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Wednesday 13 January 2010

The "Haiku" - As I see it

The Haiku of my title is, of course, my regular Haiku. I partly sketched out my thoughts concerning my not-quite-daily, not-quite-Haiku (NQD NQH) when I launched myself, rather intrepidly as I thought at the time, upon this project. Nonetheless, I have had some correspondence about what is and what is not a Haiku. So here goes, not definitively, but to the best of my ability. There is some confusion about the Haiku, some of which I share. What follows is, as the title says, the way I see it. Nothing more and nothing less than that.

  • Writing in English, there is nothing to be gained and much to be lost by sticking rigidly to the 5-7-5 format. Japanese is a syllable-based language and English a stressed-based one. The Japanese on (sound unit) does not relate well to the English syllable - or so I am told on good authority!
  • A true Haiku has a kigo word somewhere - a reference to the season or an atmosphere. It (the haiku) is seen as an image, a snapshot of a fleeting moment experienced in the natural world. It should appeal to the senses. Verbs should be kept to an absolute minimum - or excluded altogether.
  • A true haiku relates to some sort of epiphany.
  • The Japanese versions make great use of puns.
  • A haiku which does not contain a kigo word or phrase and which has as its subject some aspect of human rather than physical nature is not a haiku at all, but a Senryu - which is what most of my NQHs are! However I have used - and will use - the term Haiku, on the grounds that most will know the term, whereas senryu will mean nothing or very little to most - or so I imagine, though I may be doing a lot of people a grave injustice by writing that.
  • Interestingly, the term Haiku is a contraction of haikai no rengu. Literally: Not a serious poem
The Haiku of my title
needs quote marks for restraint
of an obvious imposter.


Elisabeth said...

Not a serious poem, huh?

I always thought of Haiku as the essence of seriousness.

Dave King said...

Me too. And so, I believe, do the Japanese!

Shadow said...

very interesting. and an artform all of its own it seems. hands off for me, these guys scare me...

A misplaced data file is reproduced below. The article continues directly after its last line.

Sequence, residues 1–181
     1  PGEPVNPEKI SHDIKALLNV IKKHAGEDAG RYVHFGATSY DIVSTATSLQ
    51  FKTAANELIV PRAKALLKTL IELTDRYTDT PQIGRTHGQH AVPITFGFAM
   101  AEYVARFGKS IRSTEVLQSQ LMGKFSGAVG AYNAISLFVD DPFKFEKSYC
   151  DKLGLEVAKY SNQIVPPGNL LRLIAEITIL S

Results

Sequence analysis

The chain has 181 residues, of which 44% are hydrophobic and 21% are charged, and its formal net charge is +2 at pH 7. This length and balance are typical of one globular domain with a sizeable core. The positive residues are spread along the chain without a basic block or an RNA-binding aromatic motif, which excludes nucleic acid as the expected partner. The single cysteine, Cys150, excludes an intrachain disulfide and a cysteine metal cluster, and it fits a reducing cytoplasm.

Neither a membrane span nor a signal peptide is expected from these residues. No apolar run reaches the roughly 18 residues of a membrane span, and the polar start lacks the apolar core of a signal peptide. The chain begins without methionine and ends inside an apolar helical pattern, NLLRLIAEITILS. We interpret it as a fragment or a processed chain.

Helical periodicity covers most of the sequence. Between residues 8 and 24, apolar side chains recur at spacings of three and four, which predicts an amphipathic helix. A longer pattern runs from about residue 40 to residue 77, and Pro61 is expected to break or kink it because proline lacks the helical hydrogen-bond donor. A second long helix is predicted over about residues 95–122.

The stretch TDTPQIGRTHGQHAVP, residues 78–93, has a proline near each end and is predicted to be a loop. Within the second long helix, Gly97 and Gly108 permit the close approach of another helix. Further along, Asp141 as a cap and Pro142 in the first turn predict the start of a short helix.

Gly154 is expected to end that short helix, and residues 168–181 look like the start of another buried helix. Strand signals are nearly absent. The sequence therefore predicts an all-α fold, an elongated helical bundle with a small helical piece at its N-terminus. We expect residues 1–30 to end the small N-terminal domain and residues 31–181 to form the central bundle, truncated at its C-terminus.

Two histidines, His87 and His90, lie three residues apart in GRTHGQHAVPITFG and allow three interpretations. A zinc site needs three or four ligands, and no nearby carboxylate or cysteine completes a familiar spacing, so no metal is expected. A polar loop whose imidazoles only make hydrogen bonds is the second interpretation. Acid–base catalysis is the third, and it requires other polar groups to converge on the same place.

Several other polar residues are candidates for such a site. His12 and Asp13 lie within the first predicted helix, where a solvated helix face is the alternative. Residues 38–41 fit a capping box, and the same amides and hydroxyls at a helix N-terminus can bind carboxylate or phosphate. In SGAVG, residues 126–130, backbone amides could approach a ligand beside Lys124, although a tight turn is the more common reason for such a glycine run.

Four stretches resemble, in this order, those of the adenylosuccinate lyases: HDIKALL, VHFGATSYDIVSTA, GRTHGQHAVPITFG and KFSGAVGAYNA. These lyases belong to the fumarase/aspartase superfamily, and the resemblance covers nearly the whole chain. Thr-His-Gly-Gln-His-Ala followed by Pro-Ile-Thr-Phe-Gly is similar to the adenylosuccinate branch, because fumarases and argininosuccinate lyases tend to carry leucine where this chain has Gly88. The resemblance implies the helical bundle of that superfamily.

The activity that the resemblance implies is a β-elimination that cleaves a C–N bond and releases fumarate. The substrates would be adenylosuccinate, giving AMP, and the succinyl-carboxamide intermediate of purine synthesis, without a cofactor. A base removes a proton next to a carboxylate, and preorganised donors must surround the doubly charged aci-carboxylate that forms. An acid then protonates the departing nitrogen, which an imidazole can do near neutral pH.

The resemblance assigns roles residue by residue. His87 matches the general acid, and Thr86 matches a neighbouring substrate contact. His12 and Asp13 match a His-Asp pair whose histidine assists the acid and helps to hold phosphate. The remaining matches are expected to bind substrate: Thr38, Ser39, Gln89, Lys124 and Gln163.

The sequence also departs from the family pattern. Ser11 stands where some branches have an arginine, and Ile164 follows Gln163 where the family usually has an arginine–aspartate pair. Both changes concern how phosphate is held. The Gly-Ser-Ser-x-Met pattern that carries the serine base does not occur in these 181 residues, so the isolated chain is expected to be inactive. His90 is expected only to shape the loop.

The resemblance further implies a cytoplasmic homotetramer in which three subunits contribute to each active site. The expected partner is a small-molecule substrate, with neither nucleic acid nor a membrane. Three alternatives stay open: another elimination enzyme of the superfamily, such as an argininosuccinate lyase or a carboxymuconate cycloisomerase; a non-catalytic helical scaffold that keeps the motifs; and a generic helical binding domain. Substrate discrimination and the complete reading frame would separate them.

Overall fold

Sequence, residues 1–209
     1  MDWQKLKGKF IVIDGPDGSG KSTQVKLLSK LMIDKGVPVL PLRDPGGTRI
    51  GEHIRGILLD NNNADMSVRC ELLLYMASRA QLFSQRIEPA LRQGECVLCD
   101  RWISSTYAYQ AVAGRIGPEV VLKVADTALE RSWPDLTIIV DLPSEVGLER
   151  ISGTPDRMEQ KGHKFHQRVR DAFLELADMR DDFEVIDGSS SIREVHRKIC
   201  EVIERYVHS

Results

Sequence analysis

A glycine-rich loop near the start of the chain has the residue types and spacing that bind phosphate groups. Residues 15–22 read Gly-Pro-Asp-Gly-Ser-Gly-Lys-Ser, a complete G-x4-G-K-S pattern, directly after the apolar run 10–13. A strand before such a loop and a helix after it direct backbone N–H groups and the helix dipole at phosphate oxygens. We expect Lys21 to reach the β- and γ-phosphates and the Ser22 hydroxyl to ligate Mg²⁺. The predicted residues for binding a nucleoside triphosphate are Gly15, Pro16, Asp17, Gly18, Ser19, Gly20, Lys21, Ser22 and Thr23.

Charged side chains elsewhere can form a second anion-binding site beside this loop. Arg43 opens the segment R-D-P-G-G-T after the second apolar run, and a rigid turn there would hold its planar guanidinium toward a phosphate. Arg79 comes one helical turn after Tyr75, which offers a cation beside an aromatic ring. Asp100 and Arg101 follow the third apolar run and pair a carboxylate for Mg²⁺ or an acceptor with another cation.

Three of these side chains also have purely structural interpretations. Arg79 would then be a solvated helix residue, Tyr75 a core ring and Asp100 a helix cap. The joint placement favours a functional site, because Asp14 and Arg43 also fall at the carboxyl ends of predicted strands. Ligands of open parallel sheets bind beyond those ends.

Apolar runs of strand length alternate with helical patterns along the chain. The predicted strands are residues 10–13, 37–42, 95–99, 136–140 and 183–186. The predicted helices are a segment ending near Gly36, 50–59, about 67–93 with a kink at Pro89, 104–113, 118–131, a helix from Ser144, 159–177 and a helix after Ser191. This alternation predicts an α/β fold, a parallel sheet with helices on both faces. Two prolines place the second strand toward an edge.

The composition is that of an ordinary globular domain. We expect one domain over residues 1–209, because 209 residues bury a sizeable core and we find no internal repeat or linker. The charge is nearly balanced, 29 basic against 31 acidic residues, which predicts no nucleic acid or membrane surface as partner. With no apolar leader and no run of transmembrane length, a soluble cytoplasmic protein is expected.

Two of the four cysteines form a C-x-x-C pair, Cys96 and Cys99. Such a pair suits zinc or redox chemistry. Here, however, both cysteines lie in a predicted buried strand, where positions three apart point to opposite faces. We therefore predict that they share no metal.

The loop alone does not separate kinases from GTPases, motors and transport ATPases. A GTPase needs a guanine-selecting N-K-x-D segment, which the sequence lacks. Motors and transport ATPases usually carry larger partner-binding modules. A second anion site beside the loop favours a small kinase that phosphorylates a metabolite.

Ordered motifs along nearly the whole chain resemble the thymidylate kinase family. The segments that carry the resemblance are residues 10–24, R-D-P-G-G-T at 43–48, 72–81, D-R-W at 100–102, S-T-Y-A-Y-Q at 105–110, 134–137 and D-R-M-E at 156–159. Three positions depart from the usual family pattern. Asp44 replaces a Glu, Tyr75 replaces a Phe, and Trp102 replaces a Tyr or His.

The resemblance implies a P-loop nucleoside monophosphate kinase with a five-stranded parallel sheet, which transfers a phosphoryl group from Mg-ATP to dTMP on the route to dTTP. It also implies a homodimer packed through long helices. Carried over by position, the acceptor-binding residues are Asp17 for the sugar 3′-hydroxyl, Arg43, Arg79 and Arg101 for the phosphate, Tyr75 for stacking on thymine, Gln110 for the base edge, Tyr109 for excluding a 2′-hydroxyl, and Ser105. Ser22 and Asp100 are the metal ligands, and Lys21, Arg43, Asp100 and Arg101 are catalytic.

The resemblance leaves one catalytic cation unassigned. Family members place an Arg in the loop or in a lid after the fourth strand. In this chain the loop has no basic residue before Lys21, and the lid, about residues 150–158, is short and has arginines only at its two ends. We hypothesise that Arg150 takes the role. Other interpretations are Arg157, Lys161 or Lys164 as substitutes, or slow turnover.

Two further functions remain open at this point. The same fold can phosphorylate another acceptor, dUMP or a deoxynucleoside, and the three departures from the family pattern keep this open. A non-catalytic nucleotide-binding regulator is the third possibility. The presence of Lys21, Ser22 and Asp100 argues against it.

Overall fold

Unknown said...

I'm far from an expert, but from what I've studied I'd say your definition is quite solid. I do think a sort of "metaphysical" (in the poetic sense) disjuncture between the first two lines & the third is important--the ephiphany, as you point out, but specifically created in this formal way. Glad you brought up the pun/word-play aspect, because (again, "as I see it") that's very important & I think overlooked!

Jinksy said...

I simply like writing them! And if they don't adhere to Japanese rules - how many Japanese are around to complain? LOL :)

Carl said...

Great post! I have been enjoying writing a few since you started this and am finding new respect for the streamlined way they convey a notion or feeling. Thanks for the education.


Barry said...

"Not a serious poem", I hope, in the sense that it is playful? At least to me the Haiku seems playful.

Kass said...

he who views haiku
sees through a smudged spectacle
of his own making.

That was REALLY bad, but you made me want to try.

Dave King said...

I agree: it is an srt form all of its own.

I agree about the metaphysical disjuncture. That is exactly it. The pun, too - but our natural tendecy is to steer away, of course.

I agree with you in that I, too, just like writing them - or trying to! The Japanese are probably heads down, writing haiku about our attempts to write haiku... no, sorry, that would be a senryu, wouldn't it?

It seems that most folk who have tried it, enjoy writing them. The more I write them the more I realise how difficult it is to write them.

It would be interesting to know how they got the name, don't you think?

No, that wasn't really bad, that was really clever. I enjoyed that. Well done, you!

Dianne said...